Description : A teen idol of the 1950s who virtually invented the singer/songwriter/heartthrob combination that still tops pop music today, Paul Anka rocketed to fame with a slew of hits-from "Diana" to "Put Your Head on my Shoulder"-that earned him a place touring with the major stars of his era, including Chuck Berry, Jerry Lee Lewis, and Buddy Holly. He wrote Holly's last hit, and just missed joining the rocker on his final, fatal plane flight. Anka also stepped in front of the camera in the teen beach-party movie era, scoring the movies and romancing their starlets, including Annette Funicello. When the British invasion made his fans swoon for a new style of music-and musician--Anka made sure he wasn't conquered. A rapier-canny businessman and image-builder who took his career into his own hands-just as he had from the very beginning, swiping his mother's car at fourteen to drive himself, underage, to his first gigs in Quebec-Anka toured the world until he could return home in triumph. A charter member of the Rat Pack, he wrote the theme music for The Tonight Show as well as his friend Frank Sinatra's anthem "My Way". By the 1970s, a multi-decade string of pop chart-toppers, including "Puppy Love" and "(You're) Having My Baby", cemented his status as an icon. My Way is bursting with rich, rollicking stories of the business and the people in Anka's life: Elizabeth Taylor, Dodi Fayed, Tom Jones, Michael Jackson, Adnan Khashoggi, Little Richard, Brooke Shields, Johnny Roselli, Sammy Davis, Jr., Brigitte Bardot, Barnum & Bailey Circus acrobats, and many more. Anka is forthcoming, funny and smart as a whip about the business he's been in for almost six decades. My Way moves from New York to Vegas, from the casino stage to backstages all over the world. It's the most entertaining autobiography of the year.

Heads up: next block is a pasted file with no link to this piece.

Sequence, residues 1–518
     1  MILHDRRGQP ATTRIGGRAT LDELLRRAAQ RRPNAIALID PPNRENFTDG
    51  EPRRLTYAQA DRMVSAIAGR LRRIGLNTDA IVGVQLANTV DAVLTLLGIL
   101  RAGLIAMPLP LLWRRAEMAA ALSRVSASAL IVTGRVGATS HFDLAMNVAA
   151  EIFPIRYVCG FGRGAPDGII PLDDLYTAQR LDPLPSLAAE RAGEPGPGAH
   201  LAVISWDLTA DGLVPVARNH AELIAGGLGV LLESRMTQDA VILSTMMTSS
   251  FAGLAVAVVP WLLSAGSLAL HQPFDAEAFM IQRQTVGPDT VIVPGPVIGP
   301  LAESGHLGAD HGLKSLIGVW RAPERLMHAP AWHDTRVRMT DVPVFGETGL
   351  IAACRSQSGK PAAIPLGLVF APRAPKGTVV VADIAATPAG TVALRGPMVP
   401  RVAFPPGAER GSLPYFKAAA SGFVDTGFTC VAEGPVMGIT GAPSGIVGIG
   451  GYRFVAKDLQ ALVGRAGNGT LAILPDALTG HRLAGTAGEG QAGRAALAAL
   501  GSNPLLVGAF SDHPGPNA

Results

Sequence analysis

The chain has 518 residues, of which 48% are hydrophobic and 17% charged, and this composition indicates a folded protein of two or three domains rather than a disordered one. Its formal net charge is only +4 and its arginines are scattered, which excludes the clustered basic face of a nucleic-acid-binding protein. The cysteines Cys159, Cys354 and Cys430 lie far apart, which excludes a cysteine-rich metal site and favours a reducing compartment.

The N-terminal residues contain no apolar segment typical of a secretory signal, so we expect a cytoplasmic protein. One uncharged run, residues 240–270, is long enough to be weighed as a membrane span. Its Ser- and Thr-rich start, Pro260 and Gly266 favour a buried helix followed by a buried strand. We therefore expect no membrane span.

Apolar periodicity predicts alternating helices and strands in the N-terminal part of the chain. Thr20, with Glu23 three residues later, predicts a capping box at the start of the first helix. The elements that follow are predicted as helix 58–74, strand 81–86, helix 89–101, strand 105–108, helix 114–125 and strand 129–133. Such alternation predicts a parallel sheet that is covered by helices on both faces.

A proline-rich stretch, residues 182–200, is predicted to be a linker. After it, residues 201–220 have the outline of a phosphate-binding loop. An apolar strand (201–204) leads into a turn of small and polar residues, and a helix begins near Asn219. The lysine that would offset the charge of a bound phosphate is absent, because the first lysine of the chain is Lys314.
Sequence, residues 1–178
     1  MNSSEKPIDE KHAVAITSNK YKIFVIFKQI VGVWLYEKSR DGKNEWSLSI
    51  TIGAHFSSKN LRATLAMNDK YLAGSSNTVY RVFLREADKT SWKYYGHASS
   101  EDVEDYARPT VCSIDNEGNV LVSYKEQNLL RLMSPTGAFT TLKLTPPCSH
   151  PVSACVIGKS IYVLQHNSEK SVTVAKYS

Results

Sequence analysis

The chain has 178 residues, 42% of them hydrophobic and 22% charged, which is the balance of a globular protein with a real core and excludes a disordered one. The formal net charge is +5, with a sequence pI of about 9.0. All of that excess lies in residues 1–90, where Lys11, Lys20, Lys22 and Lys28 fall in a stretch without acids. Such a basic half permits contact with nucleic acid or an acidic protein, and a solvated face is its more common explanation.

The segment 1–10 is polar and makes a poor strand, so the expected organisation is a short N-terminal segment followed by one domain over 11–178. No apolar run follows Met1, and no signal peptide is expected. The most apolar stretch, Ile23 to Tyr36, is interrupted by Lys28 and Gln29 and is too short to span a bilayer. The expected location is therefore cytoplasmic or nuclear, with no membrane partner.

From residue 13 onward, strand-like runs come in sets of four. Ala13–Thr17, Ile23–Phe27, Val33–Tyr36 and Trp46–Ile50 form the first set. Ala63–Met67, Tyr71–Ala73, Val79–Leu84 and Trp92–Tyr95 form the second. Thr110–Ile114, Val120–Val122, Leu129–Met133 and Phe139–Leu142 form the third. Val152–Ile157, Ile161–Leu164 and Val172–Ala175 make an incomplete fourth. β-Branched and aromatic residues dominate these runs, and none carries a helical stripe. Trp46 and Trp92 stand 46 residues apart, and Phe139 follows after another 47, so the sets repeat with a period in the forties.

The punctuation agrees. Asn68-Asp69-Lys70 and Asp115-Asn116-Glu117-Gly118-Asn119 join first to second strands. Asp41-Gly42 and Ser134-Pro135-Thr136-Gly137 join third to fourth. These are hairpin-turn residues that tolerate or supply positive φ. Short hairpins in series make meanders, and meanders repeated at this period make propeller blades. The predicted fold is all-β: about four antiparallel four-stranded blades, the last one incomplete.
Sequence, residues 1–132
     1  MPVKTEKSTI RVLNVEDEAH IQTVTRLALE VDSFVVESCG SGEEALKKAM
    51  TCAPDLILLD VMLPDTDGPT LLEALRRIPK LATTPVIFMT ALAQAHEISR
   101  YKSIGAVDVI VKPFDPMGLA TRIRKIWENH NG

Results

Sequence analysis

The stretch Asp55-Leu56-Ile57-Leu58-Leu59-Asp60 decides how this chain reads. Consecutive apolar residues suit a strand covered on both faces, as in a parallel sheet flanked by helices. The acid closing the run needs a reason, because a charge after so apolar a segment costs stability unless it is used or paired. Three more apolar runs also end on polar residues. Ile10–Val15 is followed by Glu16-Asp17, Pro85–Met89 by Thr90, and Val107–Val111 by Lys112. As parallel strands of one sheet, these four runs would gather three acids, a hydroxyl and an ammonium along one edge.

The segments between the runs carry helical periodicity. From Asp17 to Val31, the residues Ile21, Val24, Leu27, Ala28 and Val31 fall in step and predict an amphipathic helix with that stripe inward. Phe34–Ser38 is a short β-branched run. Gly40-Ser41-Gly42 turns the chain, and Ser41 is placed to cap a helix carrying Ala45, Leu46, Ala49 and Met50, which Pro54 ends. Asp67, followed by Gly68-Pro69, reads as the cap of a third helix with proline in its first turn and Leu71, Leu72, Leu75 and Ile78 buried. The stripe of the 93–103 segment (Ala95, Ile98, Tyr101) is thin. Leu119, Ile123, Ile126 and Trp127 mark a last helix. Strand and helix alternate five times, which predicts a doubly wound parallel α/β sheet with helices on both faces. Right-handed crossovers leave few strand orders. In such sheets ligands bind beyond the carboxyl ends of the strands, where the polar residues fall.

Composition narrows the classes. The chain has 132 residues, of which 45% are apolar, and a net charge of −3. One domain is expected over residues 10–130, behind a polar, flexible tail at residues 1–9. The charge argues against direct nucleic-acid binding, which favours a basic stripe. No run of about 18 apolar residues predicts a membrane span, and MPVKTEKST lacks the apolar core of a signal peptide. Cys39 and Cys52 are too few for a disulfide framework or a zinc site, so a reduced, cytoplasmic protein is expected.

Description : Eleven Gods and a Billion Indians goes deep into every Indian cricket tour since 1886—taking the reader backstage to when India played its first test in 1932, and bringing the story forward to the more contemporary IPL—to provide a complex and nuanced understanding of the evolution and maturity of the game. Equally, it comes with material that has have never entered the public domain so far—going behind the scenes of cases like Monkeygate, the suspension of Lalit Modi, spot-fixing, and the phase of judicial intervention. It carries not just reportage and analysis, but also player reminiscences, personal interviews, photographs and letters never known or discussed so far in Indian sporting discourse. Weaving together such material, Eleven Gods and a Billion Indians unflinchingly confronts questions that demand answering, among them: Has internal bickering impacted the on field performance of the Indian cricket team? Did some of our icons fail the country and the sport by trying to conceal important facts during the spot-fixing investigation? And does it matter to the ordinary fan who heads the BCCI as long as there is transparency and accountability in the system? In the end, in telling the story of the role of cricket in colonial and post-colonial Indian life, and the inter-relationship between those who patronize, promote, play and view the sport. Eleven Gods and a Billion Indians unravels the story of a nation now considered the financial nerve centre of world cricket.